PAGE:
Mainstay of English folk-rock scene embarks on instrumental endeavor of tying different strands of his stylistic palette into a tightrope to walk across memory lane.
He might be mostly known as a former, if longtime, member of STRAWBS and co-writer of such classics as “Taking A Chance” back in the ’80s, but this ensemble were but a single entry in Brian Willoughby’s five-decade-long career. The aforementioned connection landed the guitarist a prominent role in THE MONKS, laying down memorable lines on both of their LPs and moving back into the previous band soon after "Suspended Animation" had seen the light of day, and he was a session player on multiple platters, jingles and TV themes, yet Willoughby’s first noteworthy appearance took place when Brian began, on his 22nd birthday, working with Mary Hopkin. There would be stints with many other artists, including his namesake Connolly from SWEET and Nanci Griffith, yet it’s the fateful audition for the Welsh songstress that the title of the veteran’s third solo album refers to.
Demonstrating his skills to Hopkin and Tony Visconti, Willoughby performed a piece called “Twiddly Bit” – a term lead Strawb Dave Cousins, who sent his friend to Mary, coined to describe Brian’s six-string parts, which implies the virtuoso aspect of his delivery used to be downplayed in favor and in service of the song. This very side is so vulnerably exposed here yet it’s never sterile thanks to the variety of styles, moods and techniques on display. No wonder, then, that a couple of tunes on offer began their life – and were originally issued – as songs, but now “The Middle” and “Red Steel Tracks” have been distilled to their twangy, albeit nuanced, essence, where no words are required to drink from this source of melodic delight, with Willoughby’s wife, Cathryn Craig’s acoustic strum and Dennis Bryon’s steady groove keeping the drift down to earth.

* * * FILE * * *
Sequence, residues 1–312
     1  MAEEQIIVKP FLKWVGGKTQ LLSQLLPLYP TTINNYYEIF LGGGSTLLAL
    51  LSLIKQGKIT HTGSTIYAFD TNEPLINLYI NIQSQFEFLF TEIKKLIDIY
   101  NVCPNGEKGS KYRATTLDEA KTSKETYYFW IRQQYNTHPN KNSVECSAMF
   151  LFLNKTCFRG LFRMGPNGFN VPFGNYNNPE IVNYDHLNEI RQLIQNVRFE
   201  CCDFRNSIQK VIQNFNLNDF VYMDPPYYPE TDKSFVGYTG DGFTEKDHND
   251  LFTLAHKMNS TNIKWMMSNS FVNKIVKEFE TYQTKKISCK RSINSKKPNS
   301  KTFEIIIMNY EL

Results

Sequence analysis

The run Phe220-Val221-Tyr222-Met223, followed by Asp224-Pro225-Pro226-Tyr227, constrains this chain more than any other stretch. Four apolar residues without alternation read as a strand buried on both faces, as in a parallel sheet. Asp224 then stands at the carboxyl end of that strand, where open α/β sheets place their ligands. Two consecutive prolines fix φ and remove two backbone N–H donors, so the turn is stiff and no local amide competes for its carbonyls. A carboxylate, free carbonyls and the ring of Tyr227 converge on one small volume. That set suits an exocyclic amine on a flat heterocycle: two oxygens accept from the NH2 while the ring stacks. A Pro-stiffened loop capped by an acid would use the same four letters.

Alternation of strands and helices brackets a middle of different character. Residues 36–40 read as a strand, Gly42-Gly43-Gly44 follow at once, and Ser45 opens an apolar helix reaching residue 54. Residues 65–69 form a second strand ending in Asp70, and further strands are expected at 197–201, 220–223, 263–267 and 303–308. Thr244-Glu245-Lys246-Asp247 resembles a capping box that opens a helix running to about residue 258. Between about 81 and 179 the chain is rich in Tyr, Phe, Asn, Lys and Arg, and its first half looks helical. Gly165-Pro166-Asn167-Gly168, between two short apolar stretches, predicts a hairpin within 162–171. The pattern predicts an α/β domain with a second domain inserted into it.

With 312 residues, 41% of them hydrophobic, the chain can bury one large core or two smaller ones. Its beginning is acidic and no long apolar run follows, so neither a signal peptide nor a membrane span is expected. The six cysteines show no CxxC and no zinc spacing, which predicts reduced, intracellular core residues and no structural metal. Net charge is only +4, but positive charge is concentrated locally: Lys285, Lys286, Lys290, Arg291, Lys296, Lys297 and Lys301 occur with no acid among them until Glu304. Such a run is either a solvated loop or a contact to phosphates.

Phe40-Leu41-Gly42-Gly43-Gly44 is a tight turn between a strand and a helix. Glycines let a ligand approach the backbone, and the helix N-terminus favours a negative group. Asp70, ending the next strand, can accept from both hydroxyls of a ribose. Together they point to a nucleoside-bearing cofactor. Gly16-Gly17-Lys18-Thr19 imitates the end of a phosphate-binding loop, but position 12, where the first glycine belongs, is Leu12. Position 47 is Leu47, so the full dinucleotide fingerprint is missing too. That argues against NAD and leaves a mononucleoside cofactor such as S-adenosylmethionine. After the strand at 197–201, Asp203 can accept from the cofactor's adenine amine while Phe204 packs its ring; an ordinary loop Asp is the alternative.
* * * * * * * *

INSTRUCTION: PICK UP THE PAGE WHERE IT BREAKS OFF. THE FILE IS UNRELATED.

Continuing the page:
However, while the short opener “Busterchops” exposes Brian’s joyful folk sensibilities and fingerpicking filigree, the infectiously fluid, if rough, riff-flaunting finale of “She Rang Our Bell” shows the shadows of his marvel at Hank B. Marvin and filters it through a countrified lense. Bookended by these seeming extremes is a stunning array of six-string cuts running the spectrum from the chamber, enchanting translucence of “Clara’s Theme” at the end of which Willoughby’s Telecaster adopts a whistle tone to enhance the electric tenderness, to the no less exquisite, elegiac, even bluesy “White Stratosphere” to the titular number which drenches the veteran’s guitars in delicate, faux-symphonic orchestra.
His hands make instruments sing in the spiritually uplifting “Aunt Gen In The Clouds” with its pseudo-woodwind backdrop, and enshroud “Buenos Sueños” that’s dedicated to his late friend Nanci in a shimmering lace, contrasting it with “Long Tall Kelly” – a robust Celtic dance and a perfect foil for the ethereal “Rosie’s Tale” whose cinematic romanticism feels simply irresistible. There are harmonic landscapes on the likes of “Dunavil Beach” and “The Borders” which spread melancholy over stereo panorama and let the mesmeric “Peace Pipe” anchor the sorrow, before “Uisce Beatha” brings forth a triumphant sonic wave. As a result, the record’s nineteen “bits” turn into a single, multicolored tapestry – ever-rippling to reveal more and more spellbinding details, rendering this a wondrous milestone on Brian Willoughby’s distinguished path.